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Publication numberUS6459269 B1
Publication typeGrant
Application numberUS 09/824,431
Publication dateOct 1, 2002
Filing dateApr 2, 2001
Priority dateApr 2, 2001
Fee statusPaid
Also published asUS20020140432
Publication number09824431, 824431, US 6459269 B1, US 6459269B1, US-B1-6459269, US6459269 B1, US6459269B1
InventorsThaddeus M. Jones
Original AssigneeMsx, Inc.
Export CitationBiBTeX, EndNote, RefMan
External Links: USPTO, USPTO Assignment, Espacenet
Capacitance rejecting ground fault protecting apparatus and method
US 6459269 B1
Abstract
An apparatus and a method of controlling a load in response to a ground fault condition includes measuring a ground fault alternating current flowing from the load. A real part and an imaginary part of the ground fault alternating current is ascertained. Electrical power is removed from the load and/or the ground fault condition is indicated to a user if a magnitude of the real part exceeds a first predetermined threshold and/or a magnitude of the imaginary part exceeds a second predetermined threshold.
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Claims(16)
What is claimed is:
1. A method of controlling a load in response to a ground fault condition, said method comprising the steps of:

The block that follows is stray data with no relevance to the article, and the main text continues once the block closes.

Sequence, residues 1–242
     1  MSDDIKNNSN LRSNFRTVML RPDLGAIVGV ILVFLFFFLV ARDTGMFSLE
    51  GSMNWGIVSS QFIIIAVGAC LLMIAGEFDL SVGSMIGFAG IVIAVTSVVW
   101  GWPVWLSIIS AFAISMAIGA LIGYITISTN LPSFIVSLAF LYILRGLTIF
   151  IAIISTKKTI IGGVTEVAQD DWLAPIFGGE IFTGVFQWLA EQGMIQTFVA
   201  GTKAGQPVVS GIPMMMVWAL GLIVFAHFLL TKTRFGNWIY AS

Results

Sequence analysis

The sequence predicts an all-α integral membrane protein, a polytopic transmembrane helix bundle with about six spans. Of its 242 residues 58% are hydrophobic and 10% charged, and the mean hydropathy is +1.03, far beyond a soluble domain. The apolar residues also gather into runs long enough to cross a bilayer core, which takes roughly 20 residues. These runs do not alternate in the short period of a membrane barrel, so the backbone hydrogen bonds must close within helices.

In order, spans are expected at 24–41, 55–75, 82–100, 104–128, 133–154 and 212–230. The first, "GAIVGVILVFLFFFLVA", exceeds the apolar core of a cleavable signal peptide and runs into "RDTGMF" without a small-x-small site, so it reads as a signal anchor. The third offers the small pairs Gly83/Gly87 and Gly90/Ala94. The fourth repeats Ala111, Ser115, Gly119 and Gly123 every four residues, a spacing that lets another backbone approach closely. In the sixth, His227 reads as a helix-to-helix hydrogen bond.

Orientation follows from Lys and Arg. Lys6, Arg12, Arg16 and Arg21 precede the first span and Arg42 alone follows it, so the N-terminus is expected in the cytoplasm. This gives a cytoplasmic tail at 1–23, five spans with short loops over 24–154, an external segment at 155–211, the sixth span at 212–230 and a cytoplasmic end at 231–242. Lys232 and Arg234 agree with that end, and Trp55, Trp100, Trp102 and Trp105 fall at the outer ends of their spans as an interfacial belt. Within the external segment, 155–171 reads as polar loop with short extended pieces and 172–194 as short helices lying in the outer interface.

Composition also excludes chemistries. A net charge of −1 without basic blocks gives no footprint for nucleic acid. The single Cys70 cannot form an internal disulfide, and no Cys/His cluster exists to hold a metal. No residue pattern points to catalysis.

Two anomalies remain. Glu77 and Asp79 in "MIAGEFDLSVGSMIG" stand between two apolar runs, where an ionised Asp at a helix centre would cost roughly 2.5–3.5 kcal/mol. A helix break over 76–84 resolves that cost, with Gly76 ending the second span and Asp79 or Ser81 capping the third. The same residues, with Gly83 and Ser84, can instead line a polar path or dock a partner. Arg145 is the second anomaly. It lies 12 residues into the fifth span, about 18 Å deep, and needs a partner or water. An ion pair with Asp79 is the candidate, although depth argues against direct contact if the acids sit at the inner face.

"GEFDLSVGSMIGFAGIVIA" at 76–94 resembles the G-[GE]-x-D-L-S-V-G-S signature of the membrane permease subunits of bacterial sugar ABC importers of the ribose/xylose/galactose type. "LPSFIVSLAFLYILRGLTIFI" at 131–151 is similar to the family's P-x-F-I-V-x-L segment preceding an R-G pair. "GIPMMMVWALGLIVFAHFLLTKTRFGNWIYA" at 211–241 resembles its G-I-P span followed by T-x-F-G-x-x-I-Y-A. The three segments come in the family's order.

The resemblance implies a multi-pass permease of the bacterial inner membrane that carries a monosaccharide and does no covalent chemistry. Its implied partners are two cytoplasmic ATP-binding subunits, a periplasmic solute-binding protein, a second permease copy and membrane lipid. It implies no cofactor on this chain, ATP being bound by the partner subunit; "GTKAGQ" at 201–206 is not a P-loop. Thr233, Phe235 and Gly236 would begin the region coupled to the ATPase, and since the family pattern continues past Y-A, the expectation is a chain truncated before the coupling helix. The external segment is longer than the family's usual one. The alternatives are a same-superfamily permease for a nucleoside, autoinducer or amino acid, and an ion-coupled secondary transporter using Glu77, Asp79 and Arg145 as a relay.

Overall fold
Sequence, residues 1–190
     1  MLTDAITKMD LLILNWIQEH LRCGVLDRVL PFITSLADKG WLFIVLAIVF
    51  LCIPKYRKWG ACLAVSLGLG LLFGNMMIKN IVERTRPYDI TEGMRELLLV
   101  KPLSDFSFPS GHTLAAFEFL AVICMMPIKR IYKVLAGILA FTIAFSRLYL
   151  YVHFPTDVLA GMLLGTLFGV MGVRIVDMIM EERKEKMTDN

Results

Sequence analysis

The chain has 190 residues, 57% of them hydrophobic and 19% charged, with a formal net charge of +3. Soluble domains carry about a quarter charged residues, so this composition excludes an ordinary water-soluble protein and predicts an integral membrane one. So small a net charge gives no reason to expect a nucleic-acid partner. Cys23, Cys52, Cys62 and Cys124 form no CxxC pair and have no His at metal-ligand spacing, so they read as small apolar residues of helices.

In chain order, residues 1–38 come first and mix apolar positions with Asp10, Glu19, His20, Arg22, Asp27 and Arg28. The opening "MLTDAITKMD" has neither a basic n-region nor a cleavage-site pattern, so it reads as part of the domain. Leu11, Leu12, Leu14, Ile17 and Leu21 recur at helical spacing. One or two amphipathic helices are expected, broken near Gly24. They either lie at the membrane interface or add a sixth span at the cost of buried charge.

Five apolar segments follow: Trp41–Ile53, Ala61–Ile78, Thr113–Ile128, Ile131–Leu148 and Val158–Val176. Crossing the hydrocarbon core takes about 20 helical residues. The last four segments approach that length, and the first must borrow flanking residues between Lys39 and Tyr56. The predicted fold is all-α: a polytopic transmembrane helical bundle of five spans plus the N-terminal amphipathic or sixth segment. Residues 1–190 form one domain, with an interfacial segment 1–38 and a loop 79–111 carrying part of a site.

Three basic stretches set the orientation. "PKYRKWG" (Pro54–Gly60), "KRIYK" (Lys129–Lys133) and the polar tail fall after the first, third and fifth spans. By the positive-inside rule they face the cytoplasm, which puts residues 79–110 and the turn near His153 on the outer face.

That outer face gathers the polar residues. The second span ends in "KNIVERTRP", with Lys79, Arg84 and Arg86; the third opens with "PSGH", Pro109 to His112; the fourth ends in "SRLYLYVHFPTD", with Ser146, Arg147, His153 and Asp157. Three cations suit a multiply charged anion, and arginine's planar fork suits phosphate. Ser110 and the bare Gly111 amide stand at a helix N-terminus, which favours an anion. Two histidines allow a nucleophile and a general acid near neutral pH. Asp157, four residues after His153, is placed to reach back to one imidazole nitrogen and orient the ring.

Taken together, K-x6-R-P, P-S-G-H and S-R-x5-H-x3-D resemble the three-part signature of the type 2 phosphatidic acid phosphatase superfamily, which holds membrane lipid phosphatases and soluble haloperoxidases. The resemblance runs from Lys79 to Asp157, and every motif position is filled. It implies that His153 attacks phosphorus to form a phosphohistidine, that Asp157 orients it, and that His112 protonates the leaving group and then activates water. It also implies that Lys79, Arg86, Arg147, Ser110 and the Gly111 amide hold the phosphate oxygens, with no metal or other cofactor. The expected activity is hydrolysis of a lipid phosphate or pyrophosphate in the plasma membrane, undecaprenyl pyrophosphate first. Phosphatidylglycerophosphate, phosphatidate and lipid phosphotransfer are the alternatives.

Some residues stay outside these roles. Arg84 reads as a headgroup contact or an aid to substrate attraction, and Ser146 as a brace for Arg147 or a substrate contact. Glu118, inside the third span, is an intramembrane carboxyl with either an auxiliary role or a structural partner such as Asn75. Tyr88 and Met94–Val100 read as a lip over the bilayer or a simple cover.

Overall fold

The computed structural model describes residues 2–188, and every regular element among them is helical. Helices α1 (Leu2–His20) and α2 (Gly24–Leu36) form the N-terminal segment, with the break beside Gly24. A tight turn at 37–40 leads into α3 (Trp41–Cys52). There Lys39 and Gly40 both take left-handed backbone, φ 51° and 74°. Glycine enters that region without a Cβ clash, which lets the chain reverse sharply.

measuring a ground fault alternating current flowing from the load;
ascertaining a real part and an imaginary part of the ground fault alternating current, including the step of determining a phase angle of the ground fault alternating current relative to a branch current entering the load, said determining step comprising the sub-steps of:
ascertaining a period of at least one of the ground fault alternating current, the branch current and a branch voltage;
measuring a time period between a zero-crossing of the ground fault alternating current and a zero-crossing of the branch current; and
dividing the time period by the period of at least one of the ground fault alternating current and the branch current; and
at least one of removing electrical power from the load and indicating the ground fault condition to a user if at least one of:
a magnitude of the real part exceeds a first predetermined threshold; and
a magnitude of the imaginary part exceeds a second predetermined threshold.
2. The method of claim 1, wherein the first predetermined threshold is such that both personnel and equipment are simultaneously protected.
3. The method of claim 1, wherein said ascertaining step comprises:
measuring a magnitude of the ground fault alternating current; and
at least one of:
multiplying the magnitude of the ground fault alternating current by a cosine of the phase angle; and
multiplying the magnitude of the ground fault alternating current by a sine of the phase angle.
4. The method of claim 3, wherein said step of measuring a magnitude of the ground fault alternating current is performed at a time corresponding to a peak of the ground fault alternating current.
5. The method of claim 4, wherein the time corresponding to the peak is approximately one-quarter of the period of at least one of the ground fault alternating current, the branch current and the branch voltage after the zero-crossing of the ground fault alternating current.
6. The method of claim 5, wherein said first predetermined threshold is approximately 6 milliamperes and said second predetermined threshold is approximately 30 milliamperes.